But Bernard’s open sexual practices eventually cause trouble. In an era when hysteria over “white slavery” and prostitution dominated the news, his conduct fed into a “moral panic” (as Mr. Love puts it) fueled by yellow journalists and the purity crusader Anthony Comstock. In 1910, after relocating with his acolytes to New York City, Bernard was charged with having “inveigled and enticed” a young woman “for the purpose of sexual intercourse.” Although the charges were eventually dismissed, the taint lingered, and Bernard—whom newspapers dubbed “the Great Oom” after the common yoga chant “Om”—and his yogic band fled to more bucolic prospects in Nyack, N.Y.
There, with financial support from the Vanderbilt family— especially Anne Vanderbilt, whose daughters studied yoga with Bernard—he established a yoga center on an old Nyack estate. According to Mr. Love, it catered to “the idle wealthy with recreation, parties, and celebrity buzz” and promoted a philosophy of “self-expression, diet, and an attention to inner cleanliness” that included a startling devotion to colonics.
As Bernard’s fortunes improved so did his desire to bring his enterprise into the mainstream. He started calling his Nyack property the “Clarkstown Country Club” and sponsoring theater performances, circus-like entertainments (complete with elephants) and even a baseball team. His marriage to a former vaudevillian performer ensured that he had a partner in charming the needy heiresses on whom his fortunes often relied.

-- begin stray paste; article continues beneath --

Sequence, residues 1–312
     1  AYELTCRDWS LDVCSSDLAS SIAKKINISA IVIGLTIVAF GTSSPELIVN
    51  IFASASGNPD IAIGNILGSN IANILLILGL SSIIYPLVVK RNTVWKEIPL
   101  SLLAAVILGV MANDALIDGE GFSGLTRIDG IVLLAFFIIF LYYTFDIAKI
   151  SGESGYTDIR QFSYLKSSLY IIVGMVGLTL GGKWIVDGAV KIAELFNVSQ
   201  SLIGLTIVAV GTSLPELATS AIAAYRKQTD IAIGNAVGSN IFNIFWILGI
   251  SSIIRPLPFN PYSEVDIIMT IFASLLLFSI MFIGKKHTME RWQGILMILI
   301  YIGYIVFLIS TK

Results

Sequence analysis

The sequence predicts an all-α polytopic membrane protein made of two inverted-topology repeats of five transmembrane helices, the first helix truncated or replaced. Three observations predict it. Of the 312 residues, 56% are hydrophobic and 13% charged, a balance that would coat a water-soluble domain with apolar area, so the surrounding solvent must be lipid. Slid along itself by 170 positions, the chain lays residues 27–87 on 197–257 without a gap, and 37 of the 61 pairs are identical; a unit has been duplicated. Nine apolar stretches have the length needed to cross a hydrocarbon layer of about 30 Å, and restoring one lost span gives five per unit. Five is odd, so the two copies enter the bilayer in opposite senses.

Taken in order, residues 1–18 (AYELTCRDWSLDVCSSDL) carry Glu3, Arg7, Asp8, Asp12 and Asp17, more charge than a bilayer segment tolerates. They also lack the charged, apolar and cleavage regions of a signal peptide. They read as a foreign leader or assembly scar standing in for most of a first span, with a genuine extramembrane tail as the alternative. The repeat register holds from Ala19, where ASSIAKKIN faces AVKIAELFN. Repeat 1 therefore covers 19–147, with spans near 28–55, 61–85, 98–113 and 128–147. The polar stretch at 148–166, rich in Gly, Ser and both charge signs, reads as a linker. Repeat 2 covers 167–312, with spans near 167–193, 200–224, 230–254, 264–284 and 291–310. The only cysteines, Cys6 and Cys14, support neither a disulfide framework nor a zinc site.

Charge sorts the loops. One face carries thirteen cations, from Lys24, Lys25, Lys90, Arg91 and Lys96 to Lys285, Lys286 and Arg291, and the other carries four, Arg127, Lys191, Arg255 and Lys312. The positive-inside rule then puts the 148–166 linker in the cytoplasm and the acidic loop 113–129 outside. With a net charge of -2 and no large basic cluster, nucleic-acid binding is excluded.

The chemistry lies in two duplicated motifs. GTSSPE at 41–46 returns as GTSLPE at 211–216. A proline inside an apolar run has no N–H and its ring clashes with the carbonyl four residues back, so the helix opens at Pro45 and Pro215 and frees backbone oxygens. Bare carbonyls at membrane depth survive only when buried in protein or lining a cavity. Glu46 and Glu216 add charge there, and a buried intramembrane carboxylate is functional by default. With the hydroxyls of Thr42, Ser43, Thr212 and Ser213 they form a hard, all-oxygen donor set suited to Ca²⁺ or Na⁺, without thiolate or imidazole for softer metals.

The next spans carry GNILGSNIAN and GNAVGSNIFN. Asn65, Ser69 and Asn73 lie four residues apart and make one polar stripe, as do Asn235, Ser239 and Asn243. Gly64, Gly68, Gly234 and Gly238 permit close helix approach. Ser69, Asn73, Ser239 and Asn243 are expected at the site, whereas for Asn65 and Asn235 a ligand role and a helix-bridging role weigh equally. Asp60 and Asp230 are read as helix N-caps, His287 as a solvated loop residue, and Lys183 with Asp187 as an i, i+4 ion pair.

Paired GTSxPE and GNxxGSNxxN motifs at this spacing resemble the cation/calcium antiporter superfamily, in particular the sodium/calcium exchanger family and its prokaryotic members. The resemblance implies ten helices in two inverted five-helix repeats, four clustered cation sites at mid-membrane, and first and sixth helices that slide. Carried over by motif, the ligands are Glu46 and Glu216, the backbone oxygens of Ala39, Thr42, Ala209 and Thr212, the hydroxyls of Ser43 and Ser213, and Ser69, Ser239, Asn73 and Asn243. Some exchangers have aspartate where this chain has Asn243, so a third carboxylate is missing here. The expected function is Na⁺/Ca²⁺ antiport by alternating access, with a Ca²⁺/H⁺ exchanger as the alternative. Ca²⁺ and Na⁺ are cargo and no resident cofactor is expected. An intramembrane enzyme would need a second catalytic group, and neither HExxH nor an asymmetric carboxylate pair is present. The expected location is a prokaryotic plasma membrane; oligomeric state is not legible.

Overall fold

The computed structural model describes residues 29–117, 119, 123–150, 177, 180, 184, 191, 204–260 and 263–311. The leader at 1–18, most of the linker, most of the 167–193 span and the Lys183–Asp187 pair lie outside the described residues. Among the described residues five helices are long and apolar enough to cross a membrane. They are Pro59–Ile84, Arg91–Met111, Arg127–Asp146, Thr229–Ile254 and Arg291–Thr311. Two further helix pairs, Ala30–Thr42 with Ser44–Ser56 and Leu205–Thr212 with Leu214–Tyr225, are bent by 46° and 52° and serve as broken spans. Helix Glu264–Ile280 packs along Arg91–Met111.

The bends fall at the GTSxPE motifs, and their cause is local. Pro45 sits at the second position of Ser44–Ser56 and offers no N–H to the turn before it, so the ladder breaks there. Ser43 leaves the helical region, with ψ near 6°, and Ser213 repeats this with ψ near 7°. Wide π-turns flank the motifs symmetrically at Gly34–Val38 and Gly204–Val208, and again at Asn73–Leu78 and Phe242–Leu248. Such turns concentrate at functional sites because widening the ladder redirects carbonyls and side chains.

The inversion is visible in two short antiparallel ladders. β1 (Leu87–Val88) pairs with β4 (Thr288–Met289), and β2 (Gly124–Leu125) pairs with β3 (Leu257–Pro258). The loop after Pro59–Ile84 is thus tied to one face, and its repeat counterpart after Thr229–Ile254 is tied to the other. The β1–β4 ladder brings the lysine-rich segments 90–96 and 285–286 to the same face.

The Great Oom
By Robert Love
Viking, 402 pages, $27.95
Bernard’s luck faltered during the Depression, as did his relationship with the Vanderbilts. The club was soon in arrears. Yoga’s appeal, however, was just beginning to spread. By the 1950s an increasing number of Americans were practicing yoga, seeing it less as a cultish practice than as a means of restoring one’s health in the stressful modern world. Bernard became a Miss Havisham figure, spending his final years alone, wandering around his decaying manse in Nyack. He died in 1955, at age 79, but many of his devotees went on to become teachers themselves and trained a new generation of yoga students who in turn spread the gospel of good health through yoga.
Today yoga flourishes even in the Great Oom’s home state of Iowa, and the yoga industrial complex has broadened to include magazines, books, clothing and celebrity followers. Eager students can study Christian yoga (or “Yahweh Yoga,” as it is sometimes called) and Jewish Yoga, where students replace “om” with “shalom.” What was once exotic is now simply part of America’s multicultural mix.
Mr. Love has the gift of the good biographer: He has sympathy for his subject’s “flamboyant weirdness” but the rigor to present him for what he was. Although yoga was an import, Pierre Bernard was an example of a fascinating American type: the spiritual entrepreneur. His life reminds us that the appeal of spiritual cures that promise practical results is not a new phenomenon; it is an enduring part of our country’s history. If our current pursuit of “wellness” is any guide, it will remain so for the foreseeable future.
—Ms. Rosen is senior editor of The New Atlantis: A Journal of Technology & Society.